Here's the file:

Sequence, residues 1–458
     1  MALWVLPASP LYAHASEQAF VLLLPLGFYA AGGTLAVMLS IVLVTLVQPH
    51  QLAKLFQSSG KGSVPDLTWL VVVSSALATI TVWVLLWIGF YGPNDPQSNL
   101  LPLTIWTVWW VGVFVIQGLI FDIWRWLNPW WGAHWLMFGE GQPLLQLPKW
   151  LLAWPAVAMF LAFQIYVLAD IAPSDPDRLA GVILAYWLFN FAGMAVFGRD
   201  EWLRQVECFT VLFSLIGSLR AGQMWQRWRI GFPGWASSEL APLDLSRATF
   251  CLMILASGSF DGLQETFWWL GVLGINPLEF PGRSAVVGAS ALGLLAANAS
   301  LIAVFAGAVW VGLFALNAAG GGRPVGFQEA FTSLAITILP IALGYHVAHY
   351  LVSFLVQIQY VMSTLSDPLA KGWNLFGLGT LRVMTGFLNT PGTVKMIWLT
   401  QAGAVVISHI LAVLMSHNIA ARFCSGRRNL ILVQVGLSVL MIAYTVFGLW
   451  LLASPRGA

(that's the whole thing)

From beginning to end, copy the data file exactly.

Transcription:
Sequence, residues 1–458
     1  MALWVLPASP LYAHASEQAF VLLLPLGFYA AGGTLAVMLS IVLVTLVQPH
    51  QLAKLFQSSG KGSVPDLTWL VVVSSALATI TVWVLLWIGF YGPNDPQSNL
   101  LPLTIWTVWW VGVFVIQGLI FDIWRWLNPW WGAHWLMFGE GQPLLQLPKW
   151  LLAWPAVAMF LAFQIYVLAD IAPSDPDRLA GVILAYWLFN FAGMAVFGRD
   201  EWLRQVECFT VLFSLIGSLR AGQMWQRWRI GFPGWASSEL APLDLSRATF
   251  CLMILASGSF DGLQETFWWL GVLGINPLEF PGRSAVVGAS ALGLLAANAS
   301  LIAVFAGAVW VGLFALNAAG GGRPVGFQEA FTSLAITILP IALGYHVAHY
   351  LVSFLVQIQY VMSTLSDPLA KGWNLFGLGT LRVMTGFLNT PGTVKMIWLT
   401  QAGAVVISHI LAVLMSHNIA ARFCSGRRNL ILVQVGLSVL MIAYTVFGLW
   451  LLASPRGA